Pixel Voltaic, a spinoff of Portugal's University of Porto, has developed a novel laser-assisted hermetic encapsulation technology that is suitable for sealing perovskite solar and dye-sensitized solar cell (DSSC) solo devices and panels with areas up to 30 cm x 30 cm.
“Through our novel process, we can hermetically seal all kinds of PV device form factors, circular or square-shaped, with our laser-assisted glass-to-glass or glass-to-metal encapsulation technology,” Pixel Voltaic CEO, Tiago Lagarteira, told pv magazine.
The company's first system is a batch process with a capacity to seal between 70 and 80 devices per day, according to Lagarteira. It is available for ordering directly from the company.
The company's technology roadmap is to increase capacity to accommodate larger device areas of up to 1 m2, and to modify the process to operate within a roll-to-roll line.
The most immediate business opportunity is to provide equipment to the growing number of indoor PV module manufacturers, as well as research institutes. “Perovskite and dye-sensitized solar technologies have great potential as battery extenders for Internet-of-Things devices offering more than 30 % of power conversion efficiency indoors,” said Lagarteira.
In addition, Pixel Voltaic offers sealing services to companies or groups that do not have their own equipment.
The company's list of references includes the Centre for Hybrid and Organic Solar Energy (CHOSE) at the University of Rome Tor Vergata, the French DSSC company G-Lyte, perovskite specialist SOLRA-PV, a spinoff of the Hebrew University of Jerusalem.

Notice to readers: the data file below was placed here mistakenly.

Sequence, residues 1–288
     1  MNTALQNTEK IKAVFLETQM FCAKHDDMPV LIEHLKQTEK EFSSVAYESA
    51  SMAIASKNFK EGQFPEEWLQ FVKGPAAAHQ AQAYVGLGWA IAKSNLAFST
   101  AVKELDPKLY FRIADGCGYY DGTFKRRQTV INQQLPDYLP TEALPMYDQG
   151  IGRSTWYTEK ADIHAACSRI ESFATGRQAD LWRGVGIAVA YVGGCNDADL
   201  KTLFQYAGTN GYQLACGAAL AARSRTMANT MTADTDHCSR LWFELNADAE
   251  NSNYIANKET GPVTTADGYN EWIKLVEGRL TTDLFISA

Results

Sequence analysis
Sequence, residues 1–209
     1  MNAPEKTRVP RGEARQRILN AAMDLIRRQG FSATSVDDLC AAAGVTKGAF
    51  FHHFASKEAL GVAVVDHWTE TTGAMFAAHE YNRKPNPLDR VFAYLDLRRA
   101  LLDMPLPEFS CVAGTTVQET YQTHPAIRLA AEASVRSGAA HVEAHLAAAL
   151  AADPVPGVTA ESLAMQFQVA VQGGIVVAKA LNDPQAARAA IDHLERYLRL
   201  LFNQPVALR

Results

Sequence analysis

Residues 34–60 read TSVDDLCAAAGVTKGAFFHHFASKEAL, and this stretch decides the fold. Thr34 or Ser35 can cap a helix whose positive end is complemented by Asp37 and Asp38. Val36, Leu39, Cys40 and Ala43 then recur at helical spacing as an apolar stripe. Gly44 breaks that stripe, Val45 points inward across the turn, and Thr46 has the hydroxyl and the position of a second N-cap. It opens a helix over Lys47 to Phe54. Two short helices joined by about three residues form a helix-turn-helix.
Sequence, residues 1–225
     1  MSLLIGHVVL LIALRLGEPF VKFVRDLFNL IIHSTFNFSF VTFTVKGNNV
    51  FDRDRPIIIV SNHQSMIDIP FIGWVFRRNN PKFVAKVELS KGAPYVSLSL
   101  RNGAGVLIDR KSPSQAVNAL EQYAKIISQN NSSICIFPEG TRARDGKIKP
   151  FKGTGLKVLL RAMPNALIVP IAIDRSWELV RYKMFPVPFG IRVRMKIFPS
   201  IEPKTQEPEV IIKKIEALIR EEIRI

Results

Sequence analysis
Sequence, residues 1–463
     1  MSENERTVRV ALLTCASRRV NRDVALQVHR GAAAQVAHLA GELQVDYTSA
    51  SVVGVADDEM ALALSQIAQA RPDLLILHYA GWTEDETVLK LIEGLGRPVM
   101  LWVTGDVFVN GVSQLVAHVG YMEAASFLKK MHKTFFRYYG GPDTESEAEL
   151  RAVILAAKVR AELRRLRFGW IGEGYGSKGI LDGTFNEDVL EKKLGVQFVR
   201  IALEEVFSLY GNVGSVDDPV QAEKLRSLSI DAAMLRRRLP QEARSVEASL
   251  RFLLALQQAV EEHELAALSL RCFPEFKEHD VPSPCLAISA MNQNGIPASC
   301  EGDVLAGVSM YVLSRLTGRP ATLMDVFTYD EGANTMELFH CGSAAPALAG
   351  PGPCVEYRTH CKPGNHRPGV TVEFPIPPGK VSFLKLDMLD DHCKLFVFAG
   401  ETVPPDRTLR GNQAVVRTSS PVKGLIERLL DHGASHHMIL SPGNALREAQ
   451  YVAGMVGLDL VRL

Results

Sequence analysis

The bonding is reportedly performed at temperatures between 65 C and 140 C, which makes it suitable for perovskite cells. The processing temperature is much lower compared to a typical thermo-compressive approach, which requires a temperature of 390 C, according to Lagarteira.
“It is a game-changer in stability for protecting sensitive PV materials. The glass frits bonding is superior to the alternative of thermoplastic and adhesive seals, which are not necessarily hermetic. The seal is compliant with the helium leak test defined in the military and aerospace electronic systems standard, known as MIL-STD-883H,” said Lagarteira. “The MIL-STD-883H standard defines encapsulation as hermetic when the helium leak rate is less than 5×10-8 atm cm3 s-1.”
Pixel Voltaic’s Laserbox system measures 2,000 mm x 1,000 mm x 2,000 mm with a 5,000 W power consumption. Its laser source is a continuous wave neodymium-doped yttrium aluminum garnet (CW Nd:YAG) with a power of 100 W. Optional is a controllable sealing atmospheric chamber, with either dry air, nitrogen, or argon. The unit's window box is removable and can be preheated. Its height can be adjusted via a built-in robotic system.
The system uses two cameras, specifically a high-resolution pan-tilt-zoom camera with optical zoom to record videos of the sealing process to control and monitor the infrared laser melting process, and a two-dimensional machine-vision camera. The latter is sourced from German electronics manufacturer SICK AG. It uses pattern recognition to automatically line up the laser beam.
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